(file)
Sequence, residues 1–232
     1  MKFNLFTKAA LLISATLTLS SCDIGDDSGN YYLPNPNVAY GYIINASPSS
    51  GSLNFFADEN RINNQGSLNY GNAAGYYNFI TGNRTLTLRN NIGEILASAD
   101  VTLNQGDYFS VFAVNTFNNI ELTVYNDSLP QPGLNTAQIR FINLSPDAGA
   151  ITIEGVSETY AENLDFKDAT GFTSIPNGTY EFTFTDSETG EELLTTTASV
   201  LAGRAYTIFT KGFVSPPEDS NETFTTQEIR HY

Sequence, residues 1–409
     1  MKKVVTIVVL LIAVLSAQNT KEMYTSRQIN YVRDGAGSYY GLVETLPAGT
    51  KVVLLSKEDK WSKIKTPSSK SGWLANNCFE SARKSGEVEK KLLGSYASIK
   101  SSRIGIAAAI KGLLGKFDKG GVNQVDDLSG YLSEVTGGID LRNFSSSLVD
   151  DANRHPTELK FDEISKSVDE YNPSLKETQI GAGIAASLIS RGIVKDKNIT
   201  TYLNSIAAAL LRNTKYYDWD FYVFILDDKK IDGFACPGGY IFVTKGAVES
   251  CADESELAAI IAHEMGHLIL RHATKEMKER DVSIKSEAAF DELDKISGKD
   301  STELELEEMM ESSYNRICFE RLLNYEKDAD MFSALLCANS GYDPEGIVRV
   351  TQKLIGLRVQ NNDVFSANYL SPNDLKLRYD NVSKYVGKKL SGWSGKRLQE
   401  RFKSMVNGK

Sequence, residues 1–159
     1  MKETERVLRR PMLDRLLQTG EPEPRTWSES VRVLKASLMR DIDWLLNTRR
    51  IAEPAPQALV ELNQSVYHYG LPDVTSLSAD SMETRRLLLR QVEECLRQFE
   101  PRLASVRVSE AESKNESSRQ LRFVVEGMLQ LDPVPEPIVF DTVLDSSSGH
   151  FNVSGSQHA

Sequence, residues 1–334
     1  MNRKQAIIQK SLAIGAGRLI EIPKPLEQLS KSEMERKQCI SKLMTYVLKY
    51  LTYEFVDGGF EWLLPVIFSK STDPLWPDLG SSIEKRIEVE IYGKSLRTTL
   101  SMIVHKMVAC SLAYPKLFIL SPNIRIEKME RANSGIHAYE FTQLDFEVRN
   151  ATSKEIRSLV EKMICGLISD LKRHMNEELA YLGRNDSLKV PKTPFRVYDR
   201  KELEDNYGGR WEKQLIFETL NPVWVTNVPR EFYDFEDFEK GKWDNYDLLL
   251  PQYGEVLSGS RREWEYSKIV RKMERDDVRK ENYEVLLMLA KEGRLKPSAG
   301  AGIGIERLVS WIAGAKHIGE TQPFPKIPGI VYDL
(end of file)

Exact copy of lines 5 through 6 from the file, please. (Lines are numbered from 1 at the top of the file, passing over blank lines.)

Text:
   151  ITIEGVSETY AENLDFKDAT GFTSIPNGTY EFTFTDSETG EELLTTTASV
   201  LAGRAYTIFT KGFVSPPEDS NETFTTQEIR HY